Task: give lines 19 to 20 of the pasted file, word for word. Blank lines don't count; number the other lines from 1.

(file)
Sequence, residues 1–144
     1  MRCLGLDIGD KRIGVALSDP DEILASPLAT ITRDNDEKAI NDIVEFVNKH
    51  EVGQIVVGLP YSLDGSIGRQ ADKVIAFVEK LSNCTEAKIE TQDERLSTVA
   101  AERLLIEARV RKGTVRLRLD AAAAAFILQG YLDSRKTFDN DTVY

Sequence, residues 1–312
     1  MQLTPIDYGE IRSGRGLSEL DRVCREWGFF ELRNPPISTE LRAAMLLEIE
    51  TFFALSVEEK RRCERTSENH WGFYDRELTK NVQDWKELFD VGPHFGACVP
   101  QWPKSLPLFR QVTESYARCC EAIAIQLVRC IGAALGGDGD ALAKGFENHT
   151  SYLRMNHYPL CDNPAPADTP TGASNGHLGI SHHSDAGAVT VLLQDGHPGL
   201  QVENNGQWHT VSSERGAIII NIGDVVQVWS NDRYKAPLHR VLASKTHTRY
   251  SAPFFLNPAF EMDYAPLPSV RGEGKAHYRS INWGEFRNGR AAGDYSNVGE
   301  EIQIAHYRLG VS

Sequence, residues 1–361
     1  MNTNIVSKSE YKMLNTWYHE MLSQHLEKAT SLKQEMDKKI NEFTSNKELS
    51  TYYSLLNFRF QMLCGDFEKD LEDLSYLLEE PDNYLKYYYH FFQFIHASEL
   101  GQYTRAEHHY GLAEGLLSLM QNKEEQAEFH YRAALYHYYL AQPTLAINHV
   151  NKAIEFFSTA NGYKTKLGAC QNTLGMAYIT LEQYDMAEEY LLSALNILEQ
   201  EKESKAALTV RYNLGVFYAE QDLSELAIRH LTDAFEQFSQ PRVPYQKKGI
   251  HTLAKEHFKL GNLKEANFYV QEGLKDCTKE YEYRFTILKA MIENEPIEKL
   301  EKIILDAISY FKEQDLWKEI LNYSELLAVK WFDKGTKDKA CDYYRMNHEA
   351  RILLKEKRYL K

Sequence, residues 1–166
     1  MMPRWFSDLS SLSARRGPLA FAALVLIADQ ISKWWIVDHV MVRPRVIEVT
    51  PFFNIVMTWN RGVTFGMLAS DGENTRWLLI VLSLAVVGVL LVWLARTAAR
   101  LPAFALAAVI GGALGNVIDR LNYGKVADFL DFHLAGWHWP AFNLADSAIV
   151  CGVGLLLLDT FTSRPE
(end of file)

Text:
   251  HTLAKEHFKL GNLKEANFYV QEGLKDCTKE YEYRFTILKA MIENEPIEKL
   301  EKIILDAISY FKEQDLWKEI LNYSELLAVK WFDKGTKDKA CDYYRMNHEA